The Casualties of War
Casualties were expected, of course, but on nothing like the scale which materialised. Nor was anyone prepared in any way for the range of war wounds – blindness, effects of gassing, loss of limbs, to say nothing of more conventional wound trauma - however, Britain adapted to meeting the needs of the wounded far more quickly than any other aspect of its early conduct of the war. This was particularly true on the home front and it was largely due to the efforts of the women who were left behind.
Right from the outset local committees were set up to address a whole range of a soldier and his family’s welfare needs. Most of these were local branches of national organisation such as The Soldiers & Sailors Families Association which has already been mentioned. Its role was to help and support soldiers’ and sailors’ families. The Vale of Leven Distress Committee performed a similar role but also helped others in the wider community who had been adversely affected by the war.
After 1916 there was an all-male organisation called the Vale of Leven Discharged Sailors & Soldiers Society, which was open to anyone who had served in the forces for even a day and was one of the forerunners of the British Legion. There was also a local branch of the Voluntary Aid Detachment which had been formed in 1907, which consisted of young women who volunteered to assist in emergency hospitals at home and abroad. And of course there was the local branch of the Red Cross which was the main medical support unit for the forces away from the front-line.
In most of these organisations in the Vale, men may have been the titular branch chairman but it was the women who did most of the work. This ranged from fund raising through to nursing the wounded and invalided soldiers. This is hardly surprising since from the outset of the war women had by far the firmer grip on reality on what was going to be needed to support the wounded both at the front and back home. There were women who were enthusiastic supporters of the war and got carried along by the patriotic fervour in the early days, but by and large both they and others considerably less enthusiastic about the war, could see all the problems ahead and planned accordingly.
At the outbreak of the war there was no hospital in the Vale of any sort and no hospital which could deal with wounded soldiers in Dumbarton. In the first week or so of the war William Gilmour Ewing and his wife offered the Gilmour Institute, the Scottish Girls Friendly Society and the Jessamine Convalescent Home at Croftamie to the Dumbartonshire branch of the British Red Cross Society for use as hospitals.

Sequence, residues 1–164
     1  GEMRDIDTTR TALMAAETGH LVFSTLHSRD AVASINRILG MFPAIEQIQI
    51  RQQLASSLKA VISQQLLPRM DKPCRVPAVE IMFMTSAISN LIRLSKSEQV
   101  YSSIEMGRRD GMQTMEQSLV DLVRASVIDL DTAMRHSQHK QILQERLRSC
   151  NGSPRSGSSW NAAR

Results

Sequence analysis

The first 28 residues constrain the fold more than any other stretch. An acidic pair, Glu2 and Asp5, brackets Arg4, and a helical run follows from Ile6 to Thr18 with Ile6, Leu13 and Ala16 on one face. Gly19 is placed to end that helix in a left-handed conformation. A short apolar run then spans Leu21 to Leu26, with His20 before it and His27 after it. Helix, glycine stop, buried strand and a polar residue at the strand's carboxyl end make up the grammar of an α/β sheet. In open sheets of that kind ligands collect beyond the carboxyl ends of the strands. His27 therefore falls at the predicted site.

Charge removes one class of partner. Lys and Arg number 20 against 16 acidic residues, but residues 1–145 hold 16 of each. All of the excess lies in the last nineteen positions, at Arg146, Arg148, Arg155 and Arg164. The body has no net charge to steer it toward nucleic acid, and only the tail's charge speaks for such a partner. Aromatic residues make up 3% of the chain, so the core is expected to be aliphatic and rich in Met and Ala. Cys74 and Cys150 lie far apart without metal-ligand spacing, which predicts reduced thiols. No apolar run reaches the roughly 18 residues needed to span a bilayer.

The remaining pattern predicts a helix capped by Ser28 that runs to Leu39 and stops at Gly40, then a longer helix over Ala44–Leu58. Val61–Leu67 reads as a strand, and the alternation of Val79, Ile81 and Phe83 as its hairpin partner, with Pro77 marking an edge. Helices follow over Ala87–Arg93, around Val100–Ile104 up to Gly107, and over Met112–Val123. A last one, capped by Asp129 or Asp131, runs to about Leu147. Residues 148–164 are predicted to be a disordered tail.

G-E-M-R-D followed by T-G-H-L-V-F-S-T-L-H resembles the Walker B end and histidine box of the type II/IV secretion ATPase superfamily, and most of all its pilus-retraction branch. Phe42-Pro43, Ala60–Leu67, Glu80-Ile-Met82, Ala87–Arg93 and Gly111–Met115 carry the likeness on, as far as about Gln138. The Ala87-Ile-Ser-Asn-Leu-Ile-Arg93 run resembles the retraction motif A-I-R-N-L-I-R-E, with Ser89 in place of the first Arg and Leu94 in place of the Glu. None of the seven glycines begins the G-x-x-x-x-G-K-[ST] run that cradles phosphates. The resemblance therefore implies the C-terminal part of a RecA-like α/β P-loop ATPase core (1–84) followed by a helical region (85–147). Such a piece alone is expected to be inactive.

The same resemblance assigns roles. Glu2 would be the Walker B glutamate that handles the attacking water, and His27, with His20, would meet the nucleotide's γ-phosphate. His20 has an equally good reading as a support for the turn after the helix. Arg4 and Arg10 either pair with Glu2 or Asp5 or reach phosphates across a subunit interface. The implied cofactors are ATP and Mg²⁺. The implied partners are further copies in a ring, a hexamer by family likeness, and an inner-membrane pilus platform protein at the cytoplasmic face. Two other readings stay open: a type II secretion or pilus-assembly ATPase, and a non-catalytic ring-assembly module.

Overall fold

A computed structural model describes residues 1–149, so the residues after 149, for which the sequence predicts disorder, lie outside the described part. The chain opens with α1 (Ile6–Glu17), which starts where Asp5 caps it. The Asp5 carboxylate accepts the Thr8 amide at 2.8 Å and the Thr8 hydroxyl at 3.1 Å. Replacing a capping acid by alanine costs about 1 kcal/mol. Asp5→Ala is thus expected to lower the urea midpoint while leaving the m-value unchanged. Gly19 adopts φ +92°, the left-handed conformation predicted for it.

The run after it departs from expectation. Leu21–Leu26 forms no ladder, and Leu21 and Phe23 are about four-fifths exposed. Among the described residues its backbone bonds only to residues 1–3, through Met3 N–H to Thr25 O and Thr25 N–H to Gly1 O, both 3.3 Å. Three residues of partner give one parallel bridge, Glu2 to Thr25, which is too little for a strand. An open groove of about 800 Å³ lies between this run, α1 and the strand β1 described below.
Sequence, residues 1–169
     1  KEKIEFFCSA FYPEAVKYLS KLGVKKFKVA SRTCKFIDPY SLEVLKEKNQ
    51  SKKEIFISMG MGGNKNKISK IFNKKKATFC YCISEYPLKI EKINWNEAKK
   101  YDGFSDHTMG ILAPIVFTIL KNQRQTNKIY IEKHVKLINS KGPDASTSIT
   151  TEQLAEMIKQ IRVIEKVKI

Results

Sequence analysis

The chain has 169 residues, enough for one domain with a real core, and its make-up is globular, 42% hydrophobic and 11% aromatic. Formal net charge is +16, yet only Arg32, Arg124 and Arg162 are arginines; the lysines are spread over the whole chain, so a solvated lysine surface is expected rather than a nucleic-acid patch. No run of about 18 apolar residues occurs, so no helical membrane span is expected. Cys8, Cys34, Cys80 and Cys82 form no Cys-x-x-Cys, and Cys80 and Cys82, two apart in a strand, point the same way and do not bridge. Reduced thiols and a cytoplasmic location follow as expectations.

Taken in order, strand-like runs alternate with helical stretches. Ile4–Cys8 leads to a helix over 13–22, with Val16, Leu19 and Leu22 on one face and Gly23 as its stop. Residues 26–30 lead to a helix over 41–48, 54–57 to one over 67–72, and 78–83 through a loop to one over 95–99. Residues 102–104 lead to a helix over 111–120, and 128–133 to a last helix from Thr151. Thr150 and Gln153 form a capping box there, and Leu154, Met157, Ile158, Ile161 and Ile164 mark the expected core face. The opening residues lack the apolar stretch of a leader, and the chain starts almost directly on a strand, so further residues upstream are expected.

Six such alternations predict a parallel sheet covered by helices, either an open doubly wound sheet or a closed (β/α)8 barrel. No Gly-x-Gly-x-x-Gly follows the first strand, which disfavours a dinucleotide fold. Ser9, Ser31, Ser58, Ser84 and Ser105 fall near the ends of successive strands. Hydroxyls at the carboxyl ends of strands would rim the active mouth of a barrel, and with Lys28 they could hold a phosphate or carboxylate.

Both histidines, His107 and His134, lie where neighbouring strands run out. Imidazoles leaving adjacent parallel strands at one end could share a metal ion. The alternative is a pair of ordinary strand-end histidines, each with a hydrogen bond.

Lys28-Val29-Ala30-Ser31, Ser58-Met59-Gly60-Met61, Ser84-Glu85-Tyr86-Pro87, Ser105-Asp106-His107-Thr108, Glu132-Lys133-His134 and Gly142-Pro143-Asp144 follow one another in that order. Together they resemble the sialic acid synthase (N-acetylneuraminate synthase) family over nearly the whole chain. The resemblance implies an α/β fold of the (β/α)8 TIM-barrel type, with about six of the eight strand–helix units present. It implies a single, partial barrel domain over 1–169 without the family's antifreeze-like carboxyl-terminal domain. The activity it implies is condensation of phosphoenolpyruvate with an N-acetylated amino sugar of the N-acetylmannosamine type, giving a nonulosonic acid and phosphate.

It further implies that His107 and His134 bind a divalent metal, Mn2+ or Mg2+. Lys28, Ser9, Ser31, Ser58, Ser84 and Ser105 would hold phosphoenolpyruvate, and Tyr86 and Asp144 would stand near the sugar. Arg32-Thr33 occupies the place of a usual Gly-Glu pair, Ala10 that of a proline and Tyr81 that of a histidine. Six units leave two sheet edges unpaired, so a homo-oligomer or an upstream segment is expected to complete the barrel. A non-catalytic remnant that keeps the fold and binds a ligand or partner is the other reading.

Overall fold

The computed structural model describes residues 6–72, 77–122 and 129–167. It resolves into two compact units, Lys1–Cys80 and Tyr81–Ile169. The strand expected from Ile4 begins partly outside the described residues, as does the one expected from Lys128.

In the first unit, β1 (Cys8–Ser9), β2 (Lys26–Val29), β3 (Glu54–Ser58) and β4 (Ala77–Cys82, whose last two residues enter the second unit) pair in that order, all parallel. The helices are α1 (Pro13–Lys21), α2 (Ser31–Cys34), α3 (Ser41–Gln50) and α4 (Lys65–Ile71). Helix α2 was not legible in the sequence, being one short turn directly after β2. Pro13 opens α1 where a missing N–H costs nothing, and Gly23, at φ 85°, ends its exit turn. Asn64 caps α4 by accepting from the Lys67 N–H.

By December 1914 some of the ladies who lived in the big houses in the locality had offered to provide accommodation for wounded soldiers, and gathered teams of women around them from the Lochside and the Vale to help out. The first to make this offer was Mrs Chrystal of Auchendennan House, who with her husband offered to convert Auchendennan Home Farm to a hospital for soldiers wounded at the front. Considering that casualties at this time were relatively modest in comparison with what was to come in the next 4 years, these were all highly practical offers but none of them seem to have been taken up and it’s not clear why.
As it turned out, the only local hospital for wounded soldiers during most of WW1 was the Auxiliary Red Cross Hospital in Dumbarton. It was opened in January 1915 in Dumbarton’s United Free High Church Mission Hall, and with an extension to the Cottage Hospital it could accommodate 25 beds. It eventually moved to the Parish Church Hall, which could house 63 beds and this move reflected the hugely-increased needs of the war of attrition on the western front.
It remained there until its closure in December 1918 after the war’s end. Although the Hospital was located in Dumbarton a major part of its support came from the Vale as well as other parts of western Dumbartonshire. This included fund-raising, growing vegetables for the kitchens, knitting and donations of socks, books etc.
Almost as soon as a wounded soldier was fit to do so he was sent home from hospital and his family had to take charge of his recuperation and recovery. Thus at any one time from the end of 1914 onwards there were a great many wounded soldiers in the Vale and the full horrors of the war were known to one and all.
The illusions of August 1914 about “giving the Boche a jolly good hiding” or having a great adventure as part of some extended holiday or most haunting of all “the war will be over by Christmas” soon disappeared, to be replaced by an altogether more sombre mood both amongst the soldiers and the public back home.